• When a student accused of a violation does not appear for a preliminary interview when notified to do so, a hold will be placed on the student's transcript. A hold will also be placed on the transcript when it has been determined that the case will proceed to a hearing. This hold will be removed when the case has been resolved.

  • The student may choose to self-report the violation in a letter to the Honor Council president. As a result, no hearing will be called, but the Honor Council will meet to determine the sanction. The student will be invited to meet with the Council and encouraged to address the Council before its deliberation to determine the sanction.

  • The president presides at the hearing, after which the Honor Council votes to determine whether or not a violation has occurred. In the event of a tie, the president will cast the deciding vote. If the student is found not to have violated the Honor Code, the president and recorder destroy the recording of the proceedings and so inform the Provost and the student in writing. If the student is found to have violated the Code, further deliberation by the Council determines the sanction to be imposed, and the student is notified in writing. The sanction is carried out by the Provost.

  • If a case cannot be heard before the end of the grading period, the instructor will submit the grade of NR until the Honor Council acts on the case.
  • The Honor Council reserves the right to conduct a hearing in absentia when the accused student fails to appear as notified and directed.

Appellate Procedure

Every person found to have violated the Honor Code has the right of subsequent appeal. Such appeal must be filed in writing within seven (7) days of notification of the sanction and is made to the Provost. If the sanction determined by the Honor Council is an F in the course, the student will be dropped from the course seven (7) days after the student has been notified of the sanction unless an appeal is filed. The Appeals Board shall be the President of the SGA, the President of the Faculty Assembly, the Provost, the Honor Council appeals representative, and a student-at-large selected by the Honor Council President and the Provost. Such appeals are heard from the written hearing summary, the audio recording of the hearing, and the written statement of the student requesting the appeal. Materials submitted as part of the case and the recording of the hearing will not be made available to the accused student. The Appeals Board has the authority to change the sanction in a case but is limited to the sanctions provided for in the policies of the Honor Code.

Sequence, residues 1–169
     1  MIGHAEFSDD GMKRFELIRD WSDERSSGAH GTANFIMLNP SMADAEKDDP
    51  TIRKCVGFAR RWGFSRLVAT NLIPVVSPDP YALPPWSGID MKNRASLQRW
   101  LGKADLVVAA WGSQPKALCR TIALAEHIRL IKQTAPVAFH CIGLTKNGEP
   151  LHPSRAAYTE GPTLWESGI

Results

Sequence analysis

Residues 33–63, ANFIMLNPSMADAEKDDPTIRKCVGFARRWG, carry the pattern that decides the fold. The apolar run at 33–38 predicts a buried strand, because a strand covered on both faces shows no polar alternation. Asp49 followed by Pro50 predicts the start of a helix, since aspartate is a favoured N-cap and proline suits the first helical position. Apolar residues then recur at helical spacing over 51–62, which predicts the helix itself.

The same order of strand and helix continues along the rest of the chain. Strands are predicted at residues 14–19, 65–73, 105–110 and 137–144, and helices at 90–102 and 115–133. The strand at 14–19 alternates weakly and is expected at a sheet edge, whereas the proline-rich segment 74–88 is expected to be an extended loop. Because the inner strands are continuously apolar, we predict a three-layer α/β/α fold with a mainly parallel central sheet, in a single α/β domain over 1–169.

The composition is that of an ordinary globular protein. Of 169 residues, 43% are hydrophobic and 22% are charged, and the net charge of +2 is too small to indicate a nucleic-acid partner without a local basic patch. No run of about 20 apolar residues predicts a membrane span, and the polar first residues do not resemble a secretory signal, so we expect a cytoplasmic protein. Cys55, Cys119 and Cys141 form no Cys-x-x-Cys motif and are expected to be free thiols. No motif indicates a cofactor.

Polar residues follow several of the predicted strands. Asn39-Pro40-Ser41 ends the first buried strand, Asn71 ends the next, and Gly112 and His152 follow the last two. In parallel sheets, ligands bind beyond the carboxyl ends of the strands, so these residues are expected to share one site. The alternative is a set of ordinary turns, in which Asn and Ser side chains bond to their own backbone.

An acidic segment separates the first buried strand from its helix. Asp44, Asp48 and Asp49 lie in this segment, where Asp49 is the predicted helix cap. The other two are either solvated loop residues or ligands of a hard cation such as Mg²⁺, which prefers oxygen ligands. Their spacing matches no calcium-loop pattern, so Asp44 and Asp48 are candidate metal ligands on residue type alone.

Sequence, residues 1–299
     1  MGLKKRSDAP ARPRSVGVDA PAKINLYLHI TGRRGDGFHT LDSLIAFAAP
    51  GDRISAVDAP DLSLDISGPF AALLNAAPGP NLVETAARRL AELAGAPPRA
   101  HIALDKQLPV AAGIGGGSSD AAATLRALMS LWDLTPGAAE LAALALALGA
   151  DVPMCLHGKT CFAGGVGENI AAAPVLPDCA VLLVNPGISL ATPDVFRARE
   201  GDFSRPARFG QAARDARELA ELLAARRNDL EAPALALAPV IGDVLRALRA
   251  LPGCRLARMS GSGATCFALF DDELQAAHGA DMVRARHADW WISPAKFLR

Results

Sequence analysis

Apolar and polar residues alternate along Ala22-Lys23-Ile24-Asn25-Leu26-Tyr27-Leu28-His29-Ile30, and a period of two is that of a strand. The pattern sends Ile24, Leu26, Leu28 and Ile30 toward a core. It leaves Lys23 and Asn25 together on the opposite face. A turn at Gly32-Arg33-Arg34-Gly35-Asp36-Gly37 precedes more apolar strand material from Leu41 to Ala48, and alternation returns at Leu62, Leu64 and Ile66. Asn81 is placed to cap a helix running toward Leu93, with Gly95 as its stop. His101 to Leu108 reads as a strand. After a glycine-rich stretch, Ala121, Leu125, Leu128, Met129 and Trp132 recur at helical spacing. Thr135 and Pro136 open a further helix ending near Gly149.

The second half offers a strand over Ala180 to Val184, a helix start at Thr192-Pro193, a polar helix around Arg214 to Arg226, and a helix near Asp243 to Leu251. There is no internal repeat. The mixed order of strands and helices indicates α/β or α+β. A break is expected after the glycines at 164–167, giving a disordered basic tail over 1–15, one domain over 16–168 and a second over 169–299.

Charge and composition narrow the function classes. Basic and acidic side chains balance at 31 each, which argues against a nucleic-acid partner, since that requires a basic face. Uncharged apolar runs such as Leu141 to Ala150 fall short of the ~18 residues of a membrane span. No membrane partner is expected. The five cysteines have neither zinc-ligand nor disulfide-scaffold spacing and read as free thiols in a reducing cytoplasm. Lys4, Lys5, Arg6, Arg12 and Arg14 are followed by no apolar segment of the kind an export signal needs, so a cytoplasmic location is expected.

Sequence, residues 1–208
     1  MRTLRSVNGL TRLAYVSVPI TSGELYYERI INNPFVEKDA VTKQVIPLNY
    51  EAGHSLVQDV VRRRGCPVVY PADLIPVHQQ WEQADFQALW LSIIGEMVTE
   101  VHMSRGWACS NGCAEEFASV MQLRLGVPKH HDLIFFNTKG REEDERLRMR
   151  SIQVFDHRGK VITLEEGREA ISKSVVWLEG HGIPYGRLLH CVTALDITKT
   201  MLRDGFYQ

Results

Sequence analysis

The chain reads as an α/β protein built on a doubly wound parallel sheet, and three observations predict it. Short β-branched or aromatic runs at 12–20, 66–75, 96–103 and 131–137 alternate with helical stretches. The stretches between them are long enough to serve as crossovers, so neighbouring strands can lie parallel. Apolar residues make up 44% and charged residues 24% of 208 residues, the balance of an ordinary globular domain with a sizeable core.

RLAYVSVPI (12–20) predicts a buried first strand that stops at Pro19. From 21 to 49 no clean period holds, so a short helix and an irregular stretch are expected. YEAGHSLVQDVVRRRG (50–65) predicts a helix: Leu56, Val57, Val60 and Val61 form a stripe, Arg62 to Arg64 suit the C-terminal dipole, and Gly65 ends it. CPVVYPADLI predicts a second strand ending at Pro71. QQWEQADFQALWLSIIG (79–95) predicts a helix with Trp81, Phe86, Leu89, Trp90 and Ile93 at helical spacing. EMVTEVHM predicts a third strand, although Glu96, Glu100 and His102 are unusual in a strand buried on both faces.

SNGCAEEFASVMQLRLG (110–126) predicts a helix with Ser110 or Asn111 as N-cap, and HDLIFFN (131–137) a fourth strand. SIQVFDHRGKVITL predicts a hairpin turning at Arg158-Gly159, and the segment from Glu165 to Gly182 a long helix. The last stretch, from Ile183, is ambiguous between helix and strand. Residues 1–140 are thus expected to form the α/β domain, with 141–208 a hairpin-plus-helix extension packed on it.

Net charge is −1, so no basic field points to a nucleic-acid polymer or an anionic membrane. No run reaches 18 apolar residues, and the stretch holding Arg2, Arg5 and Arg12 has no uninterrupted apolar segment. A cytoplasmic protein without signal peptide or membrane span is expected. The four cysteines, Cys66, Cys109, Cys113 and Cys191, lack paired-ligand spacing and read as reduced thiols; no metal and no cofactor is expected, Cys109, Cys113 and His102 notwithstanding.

Common Questions

  • Will I violate the Code if I don't turn in students I know are cheating or have otherwise violated the Code?
    Yes. The purpose of the Honor Code is to create a community of integrity. Lying, cheating, and stealing related to academic matters are violations of the Code, and students at LaGrange College should refuse to tolerate violations of the trust among students and between students and faculty established by the code.

  • What if I don't agree to sign the Code?
    The Honor Code is a policy of the College, and refusal to sign it will not alter a student's requirement to abide by it.

  • In classes where tests are unproctored, isn't there just a higher incidence of cheating?
    The process of educating the student body in the discipline of academic integrity is ongoing. Individual faculty members make the decision about when and how to offer students unproctored exams, and this is being done more frequently than before the Honor Code was implemented. Trust between faculty and students is one of the goals of any honor system, and as faculty trust in students increases, as the faculty becomes more confident that there are many students who will not tolerate dishonesty, unproctored exams will be administered more often.

  • Why do we need an Honor Code?
    Studies related to ethics and moral development in American colleges and universities consistently show students' failure to understand the value of intellectual property, and professional organizations also report concerns about the ethics of graduates entering fields such as engineering, business, and medicine. In a study completed at LaGrange College in January 1999, of 154 student respondents, only 48.1 percent agreed with the statement "There is peer support for academic honesty (for not cheating and not helping others cheat). When the survey was administered again in 2004, four years after the implementation of the Code, that percentage had risen to 60.7 percent, a 12.6 percent increase.

  • Who decides cases of alleged violations of the Code?
    The Honor Council is selected in the spring of each year for the following academic year. Students may self-nominate, and the faculty also nominates students who then apply to be considered in the selection process. The Honor Council elects its own president who becomes the non-voting member to whom all cases are reported. The members will be from the sophomore, junior, and senior classes and will have a minimum GPA of 2.85.